In a benchmark moment for Arcutis Biotherapeutics, the company launched its first commercial product last week, after receiving FDA approval for the topical plaque psoriasis treatment in late July.
The cream drug, called roflumilast, won approval from the FDA under the brand name Zoryve. It will follow an open distribution model in stores including CVS, Walgreens and Ralph’s, as well as dermatology specialty outlets such as Alto Pharmacy. Arcutis will also make the medication available through Zoryve Direct, specialty pharmacies for patients that will provide the drug and assist with insurance.
Zoryve’s features and its $825 price point needed to be distinct, as Arcutis is the second regional company in three months to receive FDA approval for a topical cream to treat plaque psoriasis. The other company, Long Beach-based Dermavant Sciences, announced in late May that the FDA had approved its Vtama (tapinarof) cream for the treatment of the condition. Dermavant’s medication costs $1,325 per tube.
“We want to try and help as many people as possible,” said Frank Watanabe, Arcutis’ president and chief executive officer. “We’re a for-profit business but we can make money by helping more people. We’re focusing on a high-volume versus high-margin sort of strategy and that is really a core part of our commercialization strategy.”
There have been no head-to-head scientific studies comparing the companies’ respective treatments, but Watanabe wrote in an email to the Business Journal that there are key differences.
“[Zoryve] is the only topical to specifically study and demonstrate efficacy in treating psoriasis in intertriginous areas as measured by Intertriginous IGA (I-IGA),” he wrote. “Common sites of intertriginous psoriasis, where skin touches skin, are stomach folds, the groin, or armpits.”
He added that Zoryve is the first and only topical PDE4 inhibitor for the treatment of plaque psoriasis. PDE-4 is an intracellular enzyme that increases the production of proinflammatory mediators and decreases the production of anti-inflammatory mediators.
Conversely, Dermavant reported that the approval of their Vtama cream made it the first and only FDA-sanctioned steroid-free topical medication in its class. The company also said that the cream provides efficacy across 52 weeks and can be used on all bodily areas, including sensitive locations such as the face, skin folds, neck, genitalia, anal crux, inflammatory areas and armpits.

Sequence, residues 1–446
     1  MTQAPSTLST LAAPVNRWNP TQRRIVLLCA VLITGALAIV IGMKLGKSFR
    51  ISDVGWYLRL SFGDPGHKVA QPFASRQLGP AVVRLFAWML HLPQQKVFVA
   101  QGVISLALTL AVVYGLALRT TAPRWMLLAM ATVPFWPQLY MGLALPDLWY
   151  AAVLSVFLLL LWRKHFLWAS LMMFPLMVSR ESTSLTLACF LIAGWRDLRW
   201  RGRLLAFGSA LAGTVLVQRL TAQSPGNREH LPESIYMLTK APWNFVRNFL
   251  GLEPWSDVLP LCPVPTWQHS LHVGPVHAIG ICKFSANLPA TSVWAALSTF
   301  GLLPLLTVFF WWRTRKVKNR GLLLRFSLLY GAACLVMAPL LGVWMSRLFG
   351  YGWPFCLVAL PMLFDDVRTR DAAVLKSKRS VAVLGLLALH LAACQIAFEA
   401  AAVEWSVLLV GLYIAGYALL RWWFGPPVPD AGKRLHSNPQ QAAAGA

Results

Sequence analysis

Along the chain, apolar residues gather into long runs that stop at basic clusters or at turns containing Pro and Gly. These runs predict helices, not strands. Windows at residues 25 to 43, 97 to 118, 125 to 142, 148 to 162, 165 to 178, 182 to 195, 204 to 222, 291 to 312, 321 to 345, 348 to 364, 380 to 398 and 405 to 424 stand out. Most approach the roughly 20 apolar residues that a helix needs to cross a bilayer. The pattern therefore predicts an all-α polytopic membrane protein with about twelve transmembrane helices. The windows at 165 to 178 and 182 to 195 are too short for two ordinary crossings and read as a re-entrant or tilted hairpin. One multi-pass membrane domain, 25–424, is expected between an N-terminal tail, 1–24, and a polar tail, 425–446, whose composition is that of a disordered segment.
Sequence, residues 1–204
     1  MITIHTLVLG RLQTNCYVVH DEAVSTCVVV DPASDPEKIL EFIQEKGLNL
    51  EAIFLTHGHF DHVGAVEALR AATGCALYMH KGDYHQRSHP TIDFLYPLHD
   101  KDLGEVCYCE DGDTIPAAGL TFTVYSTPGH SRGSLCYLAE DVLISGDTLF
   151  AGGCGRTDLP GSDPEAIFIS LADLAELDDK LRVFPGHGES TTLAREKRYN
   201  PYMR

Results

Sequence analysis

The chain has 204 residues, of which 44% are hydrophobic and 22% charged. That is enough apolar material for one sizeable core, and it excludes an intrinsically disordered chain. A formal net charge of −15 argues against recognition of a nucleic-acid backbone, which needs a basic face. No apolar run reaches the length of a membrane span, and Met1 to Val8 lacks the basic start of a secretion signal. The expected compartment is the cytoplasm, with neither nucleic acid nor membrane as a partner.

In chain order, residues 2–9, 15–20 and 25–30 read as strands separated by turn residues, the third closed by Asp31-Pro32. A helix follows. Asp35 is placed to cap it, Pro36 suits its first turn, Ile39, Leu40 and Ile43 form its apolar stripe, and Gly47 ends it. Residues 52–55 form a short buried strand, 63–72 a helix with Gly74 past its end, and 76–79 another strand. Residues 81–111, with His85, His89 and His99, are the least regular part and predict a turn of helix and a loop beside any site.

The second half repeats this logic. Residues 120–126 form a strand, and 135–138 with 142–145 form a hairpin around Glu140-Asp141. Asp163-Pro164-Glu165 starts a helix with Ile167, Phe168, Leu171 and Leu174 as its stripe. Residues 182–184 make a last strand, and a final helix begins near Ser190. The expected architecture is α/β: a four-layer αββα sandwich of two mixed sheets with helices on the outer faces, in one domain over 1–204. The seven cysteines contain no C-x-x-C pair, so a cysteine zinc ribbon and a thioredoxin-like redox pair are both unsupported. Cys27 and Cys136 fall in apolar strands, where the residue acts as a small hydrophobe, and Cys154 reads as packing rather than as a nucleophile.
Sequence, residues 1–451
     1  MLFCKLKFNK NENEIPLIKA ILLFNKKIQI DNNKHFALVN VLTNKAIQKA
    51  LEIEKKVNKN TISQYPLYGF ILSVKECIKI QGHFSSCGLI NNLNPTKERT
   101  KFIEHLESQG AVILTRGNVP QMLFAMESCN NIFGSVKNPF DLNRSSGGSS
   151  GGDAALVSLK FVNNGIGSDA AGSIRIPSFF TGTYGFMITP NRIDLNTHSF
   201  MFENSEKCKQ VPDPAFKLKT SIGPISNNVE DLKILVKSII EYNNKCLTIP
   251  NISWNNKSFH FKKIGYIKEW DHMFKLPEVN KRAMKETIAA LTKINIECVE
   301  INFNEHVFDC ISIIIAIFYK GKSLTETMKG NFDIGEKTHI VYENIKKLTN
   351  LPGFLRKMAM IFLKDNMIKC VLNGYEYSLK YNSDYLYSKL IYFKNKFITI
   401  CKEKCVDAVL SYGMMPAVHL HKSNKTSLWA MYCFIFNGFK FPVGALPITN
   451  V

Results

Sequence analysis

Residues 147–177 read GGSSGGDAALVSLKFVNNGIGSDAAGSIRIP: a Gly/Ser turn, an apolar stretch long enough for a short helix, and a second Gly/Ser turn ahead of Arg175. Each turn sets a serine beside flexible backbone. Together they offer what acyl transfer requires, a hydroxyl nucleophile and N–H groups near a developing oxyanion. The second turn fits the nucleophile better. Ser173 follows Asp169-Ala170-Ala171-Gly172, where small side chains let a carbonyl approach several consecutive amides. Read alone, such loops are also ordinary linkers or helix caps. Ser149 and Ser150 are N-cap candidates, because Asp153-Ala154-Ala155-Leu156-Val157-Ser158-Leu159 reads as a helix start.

Watanabe said the about six-year development period of Zoryve was a process filled with challenges that included the cream’s molecule being extremely difficult to work with. The molecule did not like water, so it took roughly six months for Arcutis to come up with a way to make the molecule into a cream.
Outside of the lab, the licensing of the molecule needed to formulate the cream also hit a snag.
“We started working on Roflumilast and the molecule was owned by a Japanese drug company called Takeda, and just about the time we started working with them, they sold all of their respiratory franchise to AstraZeneca and Roflumilast went along with it,” Watanabe said. “Then we had to start off again at square one with AstraZeneca to get the license to the molecule.”
Takeda Pharmaceuticals has a presence in Thousand Oaks. Last year, the publicly traded company invested $126 million to expand its facility in the city, adding manufacturing operations.
COVID-19 also presented an obstacle for Arcutis, which went public less than two months before the respiratory illness was declared a pandemic. Arcutis’ clinical trials were slightly disrupted by the crisis, which also persisted as the company was raising funds. However, according to Watanabe, the firm is still well capitalized.
Watanabe credited the company’s perseverance to its strategy and team, noting that Arcutis prioritized biologically validated targets and built a team with deep dermatology expertise.
“Sticking to that strategy from the very beginning is I think what allowed us to weather these challenges and to develop Zoryve very quickly by drug industry standards, (as) six years is quite fast,” Watanabe said. “And for a relatively modest amount, and I emphasize relative, because it’s been something like $500 million we have already spent to date.”
The construction and quality of the company’s employee roster were helped by Arcutis being based in the biotech hub of the San Fernando Valley, according to Watanabe, who said that roughly a third of Arcutis’ staff are in the region. He recalled early debates about whether Arcutis should be in San Francisco, a decision that Watanabe said would have been too costly for the company.
“I said that I thought it was the right thing to do for the company to put the office in Westlake Village,” Watanabe said. “And I don’t think anyone on the board would dispute that decision now; it’s worked out very well for the company.”
Arcutis’ work is far from over, despite the FDA approval and launch of Zoryve, because it has multiple drugs in its pipeline.
The medication that is currently furthest along is a foam version of Zoryve for the treatment of seborrheic dermatitis, a condition that mainly impacts the scalp and produces red skin, scaly patches and dandruff.
The company has completed a phase-three study for the treatment and plans to file for approval next year.
Watanabe anticipates that if all goes according to plan the foam will launch late next year or early in 2024.
Arcutis’ cash runway is in a solid position to fund the launch of its new product and continue clinical trials.
In total, the company has about $570 million to work with.
“We’re in a very good position financially and I think particularly, given the challenges a lot of biotech firms are facing right now in terms of cash runway and financing, we’re feeling very fortunate that our investors have been so supportive,” Watanabe said.